Friday, September 19, 2014 | Categories: Episodes |
Thursday, September 18, 2014 | Categories: Episodes |
Wednesday, September 17, 2014 | Categories: Episodes |
Spur is a talk series held across Canada organized by the Literary Review of Canada. It features speakers who try to envision what the world will look like in seven years. One of the speakers at this year's festival was Diane Francis, journalist, author and editor-at-large at the National Post. She spoke in Calgary about the shifting sands of geopolitical realities. Later, she joined host Paul Kennedy in studio where they teased out the implications of her predictions.
Julie Taymor, the first woman to win a Tony Award for Best Musical (with her smash-hit The Lion King) talks to Eleanor about her newest movie, a film version of her stage play, A Midsummer Night's Dream. It's Taymor's third Shakespeare film. Julie Taymor is a daring and brilliant interpreter of Shakespeare's work. In her conversation with Eleanor, she talks about why she keeps returning to him, and about her own artistic journey from the avant-garde to the heights of commercial success.
Monday, September 15, 2014 | Categories: Episodes |
Friday, September 12, 2014 | Categories: Episodes |
ideacity is a three-day gathering of minds held each June in Toronto, produced and presented by Moses Znaimer. IDEAS features highlights from the conference. In this episode: Higher, faster, stronger, and more daring. Speakers wonder just what are our physical limits. For more information about ideacity and future conferences, visit the ideacity website.
Thursday, September 11, 2014 | Categories: Episodes |
The American Empire has been called everything from "a colossus with attention deficit disorder" to a "reluctant empire". On the anniversary of 9-11, IDEAS revisits an interview with academic Chalmers Johnson who suggested that failure in Iraq might mark the beginning of the end of the American Empire. Producer Mary O'Connell explores the discussion further with historian Alfred McCoy.
Wednesday, September 10, 2014 | Categories: Episodes |
What does it mean when society collapses, when all you know and believe in is thrown into disorder? Who are you then? And where might you go to find yourself? On September 11, 1973, Chile was shattered by a military coup. On the eve of the anniversary, noted author Ariel Dorfman reflects on our "common humanity" in conversation with Philip Coulter.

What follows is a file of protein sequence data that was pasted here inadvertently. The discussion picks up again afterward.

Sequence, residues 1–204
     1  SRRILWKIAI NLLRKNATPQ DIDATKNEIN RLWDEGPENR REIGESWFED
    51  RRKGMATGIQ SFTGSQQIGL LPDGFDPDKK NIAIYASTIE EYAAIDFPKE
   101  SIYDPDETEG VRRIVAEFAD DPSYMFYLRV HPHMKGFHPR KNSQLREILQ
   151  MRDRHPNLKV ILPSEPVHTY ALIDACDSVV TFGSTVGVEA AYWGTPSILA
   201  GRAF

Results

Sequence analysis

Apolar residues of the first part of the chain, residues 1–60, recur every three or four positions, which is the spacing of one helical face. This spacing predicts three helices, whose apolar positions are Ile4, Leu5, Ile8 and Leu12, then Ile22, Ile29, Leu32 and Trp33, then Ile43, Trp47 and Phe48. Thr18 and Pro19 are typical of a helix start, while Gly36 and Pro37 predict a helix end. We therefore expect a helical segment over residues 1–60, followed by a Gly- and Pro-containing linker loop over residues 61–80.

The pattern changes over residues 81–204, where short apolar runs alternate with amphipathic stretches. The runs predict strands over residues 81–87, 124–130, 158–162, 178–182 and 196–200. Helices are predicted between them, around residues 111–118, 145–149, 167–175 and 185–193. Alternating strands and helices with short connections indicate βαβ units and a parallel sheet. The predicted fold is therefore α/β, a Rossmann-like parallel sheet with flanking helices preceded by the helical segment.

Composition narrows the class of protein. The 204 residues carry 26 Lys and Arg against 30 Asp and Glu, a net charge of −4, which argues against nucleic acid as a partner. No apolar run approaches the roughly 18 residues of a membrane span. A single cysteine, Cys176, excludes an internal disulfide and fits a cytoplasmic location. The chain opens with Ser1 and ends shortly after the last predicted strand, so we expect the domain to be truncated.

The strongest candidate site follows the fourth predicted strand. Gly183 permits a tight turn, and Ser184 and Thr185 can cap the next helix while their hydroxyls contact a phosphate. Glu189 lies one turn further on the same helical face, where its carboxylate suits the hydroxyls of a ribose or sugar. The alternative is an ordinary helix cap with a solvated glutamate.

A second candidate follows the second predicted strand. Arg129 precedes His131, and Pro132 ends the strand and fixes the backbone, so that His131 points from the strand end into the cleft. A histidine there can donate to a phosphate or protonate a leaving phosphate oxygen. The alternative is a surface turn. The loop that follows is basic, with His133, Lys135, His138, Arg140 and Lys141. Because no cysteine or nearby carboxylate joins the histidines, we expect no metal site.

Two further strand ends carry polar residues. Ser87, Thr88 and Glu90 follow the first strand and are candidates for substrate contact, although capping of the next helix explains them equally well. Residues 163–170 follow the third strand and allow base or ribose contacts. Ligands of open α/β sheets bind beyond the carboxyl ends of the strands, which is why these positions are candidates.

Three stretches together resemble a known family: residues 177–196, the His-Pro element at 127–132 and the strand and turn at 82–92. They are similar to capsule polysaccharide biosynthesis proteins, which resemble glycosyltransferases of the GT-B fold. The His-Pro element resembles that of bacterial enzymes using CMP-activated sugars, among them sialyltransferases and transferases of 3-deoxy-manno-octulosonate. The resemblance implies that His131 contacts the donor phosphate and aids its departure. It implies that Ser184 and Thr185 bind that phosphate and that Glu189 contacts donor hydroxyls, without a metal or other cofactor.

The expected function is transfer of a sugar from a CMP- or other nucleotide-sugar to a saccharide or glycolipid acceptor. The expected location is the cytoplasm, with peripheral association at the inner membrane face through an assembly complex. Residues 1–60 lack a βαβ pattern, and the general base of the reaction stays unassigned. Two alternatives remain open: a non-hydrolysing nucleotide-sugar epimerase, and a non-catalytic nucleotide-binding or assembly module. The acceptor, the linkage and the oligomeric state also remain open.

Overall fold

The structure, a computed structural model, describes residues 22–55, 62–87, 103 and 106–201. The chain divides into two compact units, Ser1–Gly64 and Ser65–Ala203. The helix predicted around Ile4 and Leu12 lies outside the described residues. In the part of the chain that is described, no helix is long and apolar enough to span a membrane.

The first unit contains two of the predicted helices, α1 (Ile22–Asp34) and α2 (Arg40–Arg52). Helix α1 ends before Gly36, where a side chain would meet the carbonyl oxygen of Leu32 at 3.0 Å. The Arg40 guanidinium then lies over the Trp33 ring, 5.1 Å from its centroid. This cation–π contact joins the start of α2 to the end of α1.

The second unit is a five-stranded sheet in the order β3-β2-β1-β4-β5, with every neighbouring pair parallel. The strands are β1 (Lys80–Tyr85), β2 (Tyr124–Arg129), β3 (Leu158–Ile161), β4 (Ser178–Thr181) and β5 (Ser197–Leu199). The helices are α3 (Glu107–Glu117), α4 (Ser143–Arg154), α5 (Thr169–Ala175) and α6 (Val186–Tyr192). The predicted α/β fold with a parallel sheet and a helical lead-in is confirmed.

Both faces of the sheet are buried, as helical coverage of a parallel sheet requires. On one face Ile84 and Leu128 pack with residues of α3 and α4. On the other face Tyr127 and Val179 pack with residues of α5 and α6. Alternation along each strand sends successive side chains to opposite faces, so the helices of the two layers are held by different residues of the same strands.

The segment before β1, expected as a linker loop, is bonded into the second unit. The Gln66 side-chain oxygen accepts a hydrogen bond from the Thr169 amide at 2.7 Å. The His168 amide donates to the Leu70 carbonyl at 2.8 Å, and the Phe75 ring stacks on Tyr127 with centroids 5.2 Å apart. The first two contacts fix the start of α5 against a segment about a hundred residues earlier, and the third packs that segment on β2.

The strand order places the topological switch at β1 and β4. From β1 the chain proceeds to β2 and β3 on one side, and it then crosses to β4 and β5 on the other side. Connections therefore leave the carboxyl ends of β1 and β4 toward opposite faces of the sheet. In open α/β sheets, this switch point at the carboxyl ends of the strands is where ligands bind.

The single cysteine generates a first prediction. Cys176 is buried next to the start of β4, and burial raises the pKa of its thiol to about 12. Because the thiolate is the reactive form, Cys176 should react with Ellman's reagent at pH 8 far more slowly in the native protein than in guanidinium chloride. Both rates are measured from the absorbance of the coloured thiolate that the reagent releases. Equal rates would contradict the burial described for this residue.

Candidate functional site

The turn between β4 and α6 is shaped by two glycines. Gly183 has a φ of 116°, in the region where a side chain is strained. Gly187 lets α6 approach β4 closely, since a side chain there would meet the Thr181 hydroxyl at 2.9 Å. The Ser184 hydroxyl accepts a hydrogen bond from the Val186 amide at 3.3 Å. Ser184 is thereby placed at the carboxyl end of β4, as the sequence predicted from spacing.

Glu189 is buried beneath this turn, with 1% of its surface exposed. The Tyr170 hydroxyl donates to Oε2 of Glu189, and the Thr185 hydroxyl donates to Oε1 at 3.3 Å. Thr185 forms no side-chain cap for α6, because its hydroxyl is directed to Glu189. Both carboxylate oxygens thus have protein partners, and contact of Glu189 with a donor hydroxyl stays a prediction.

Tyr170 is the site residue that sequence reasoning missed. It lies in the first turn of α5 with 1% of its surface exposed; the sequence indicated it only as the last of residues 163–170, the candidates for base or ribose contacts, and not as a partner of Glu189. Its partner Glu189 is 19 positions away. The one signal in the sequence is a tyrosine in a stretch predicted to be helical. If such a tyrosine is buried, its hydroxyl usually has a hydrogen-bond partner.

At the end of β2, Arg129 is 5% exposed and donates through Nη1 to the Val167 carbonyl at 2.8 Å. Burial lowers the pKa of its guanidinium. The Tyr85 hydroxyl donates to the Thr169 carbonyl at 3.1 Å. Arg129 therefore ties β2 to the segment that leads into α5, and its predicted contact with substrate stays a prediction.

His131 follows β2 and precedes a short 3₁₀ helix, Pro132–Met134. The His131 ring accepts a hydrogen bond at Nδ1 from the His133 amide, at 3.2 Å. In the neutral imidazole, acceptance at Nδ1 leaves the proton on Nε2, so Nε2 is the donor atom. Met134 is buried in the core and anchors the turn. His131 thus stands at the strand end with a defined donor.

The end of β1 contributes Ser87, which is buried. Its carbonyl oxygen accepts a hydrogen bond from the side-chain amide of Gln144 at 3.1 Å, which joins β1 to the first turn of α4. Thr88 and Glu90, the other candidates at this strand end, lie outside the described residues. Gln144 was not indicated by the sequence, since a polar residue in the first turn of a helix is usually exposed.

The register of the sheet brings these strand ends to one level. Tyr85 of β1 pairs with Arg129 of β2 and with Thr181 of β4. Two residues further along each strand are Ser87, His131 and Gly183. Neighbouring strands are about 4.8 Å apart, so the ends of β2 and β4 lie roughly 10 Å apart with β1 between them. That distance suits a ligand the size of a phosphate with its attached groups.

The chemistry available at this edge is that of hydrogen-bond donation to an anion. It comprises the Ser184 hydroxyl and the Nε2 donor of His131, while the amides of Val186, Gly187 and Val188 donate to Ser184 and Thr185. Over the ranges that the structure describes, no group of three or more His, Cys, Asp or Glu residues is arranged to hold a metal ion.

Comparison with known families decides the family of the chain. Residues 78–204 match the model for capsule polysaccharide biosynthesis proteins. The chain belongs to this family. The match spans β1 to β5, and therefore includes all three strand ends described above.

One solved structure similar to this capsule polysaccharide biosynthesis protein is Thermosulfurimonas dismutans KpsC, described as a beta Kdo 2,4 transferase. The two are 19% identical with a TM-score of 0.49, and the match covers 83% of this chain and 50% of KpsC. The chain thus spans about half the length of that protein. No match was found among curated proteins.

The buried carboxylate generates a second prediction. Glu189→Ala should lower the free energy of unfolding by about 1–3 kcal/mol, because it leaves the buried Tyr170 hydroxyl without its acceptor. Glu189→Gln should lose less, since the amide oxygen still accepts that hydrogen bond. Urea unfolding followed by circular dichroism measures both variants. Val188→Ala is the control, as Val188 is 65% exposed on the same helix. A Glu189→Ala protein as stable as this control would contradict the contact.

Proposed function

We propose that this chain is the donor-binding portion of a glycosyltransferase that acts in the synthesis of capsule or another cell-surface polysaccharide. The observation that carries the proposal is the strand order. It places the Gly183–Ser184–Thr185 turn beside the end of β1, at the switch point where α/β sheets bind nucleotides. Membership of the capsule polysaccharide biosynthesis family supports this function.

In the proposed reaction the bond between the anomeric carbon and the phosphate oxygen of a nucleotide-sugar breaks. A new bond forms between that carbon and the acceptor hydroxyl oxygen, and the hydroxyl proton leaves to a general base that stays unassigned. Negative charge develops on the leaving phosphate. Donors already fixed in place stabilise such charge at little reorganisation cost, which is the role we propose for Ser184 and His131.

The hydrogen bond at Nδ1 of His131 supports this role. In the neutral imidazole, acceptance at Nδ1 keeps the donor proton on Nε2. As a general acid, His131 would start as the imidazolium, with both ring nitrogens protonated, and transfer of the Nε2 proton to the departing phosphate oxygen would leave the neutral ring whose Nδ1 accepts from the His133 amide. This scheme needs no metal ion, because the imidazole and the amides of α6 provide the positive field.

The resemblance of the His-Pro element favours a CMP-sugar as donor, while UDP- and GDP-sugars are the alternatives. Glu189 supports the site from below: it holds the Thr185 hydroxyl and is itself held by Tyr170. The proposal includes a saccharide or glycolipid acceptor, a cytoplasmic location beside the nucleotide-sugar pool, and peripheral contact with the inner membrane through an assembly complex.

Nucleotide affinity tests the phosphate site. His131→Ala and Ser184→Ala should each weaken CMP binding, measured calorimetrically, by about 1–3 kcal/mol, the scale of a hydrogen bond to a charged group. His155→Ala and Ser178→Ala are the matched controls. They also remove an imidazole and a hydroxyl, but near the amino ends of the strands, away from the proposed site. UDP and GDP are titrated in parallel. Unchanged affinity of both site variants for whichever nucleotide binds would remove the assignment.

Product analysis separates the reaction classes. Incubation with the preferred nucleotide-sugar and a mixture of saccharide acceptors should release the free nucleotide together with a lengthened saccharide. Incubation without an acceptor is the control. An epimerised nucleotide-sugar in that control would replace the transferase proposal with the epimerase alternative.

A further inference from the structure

Tuesday, September 9, 2014 | Categories: Episodes |
"Love doesn't mean doing extraordinary or heroic things. It means knowing how to do ordinary things with tenderness." In 1964, Jean Vanier bought a little house in northern France and invited two mentally disabled men to come and live with him. It was a radical approach to thinking about people on the fringe of society -- to live with them, and most importantly, learn from them, to look for their gifts. On the 50th anniversary of L'Arche, the now-international organization Jean Vanier started, a celebration of a Canadian humanitarian and visionary.
Monday, September 8, 2014 | Categories: Episodes |
Seamus Heaney was the most famous, and many would say the best poet in the world. He was a towering international cultural presence whose poetry illuminated the details of quotidian life and labours. In the year since his death last August, the world is still taking measure of Seamus Heaney, and this month on The Enright Files, we pay tribute to the man and his poetry.
Friday, September 5, 2014 | Categories: Episodes |
ideacity is a three-day gathering of minds held each June in Toronto, produced and presented by Moses Znaimer. IDEAS features highlights from the conference. In this episode: speakers peer deep inside us, examining DNA and organ-banking, and where biology goes. For more information about ideacity and future conferences, visit the ideacity website.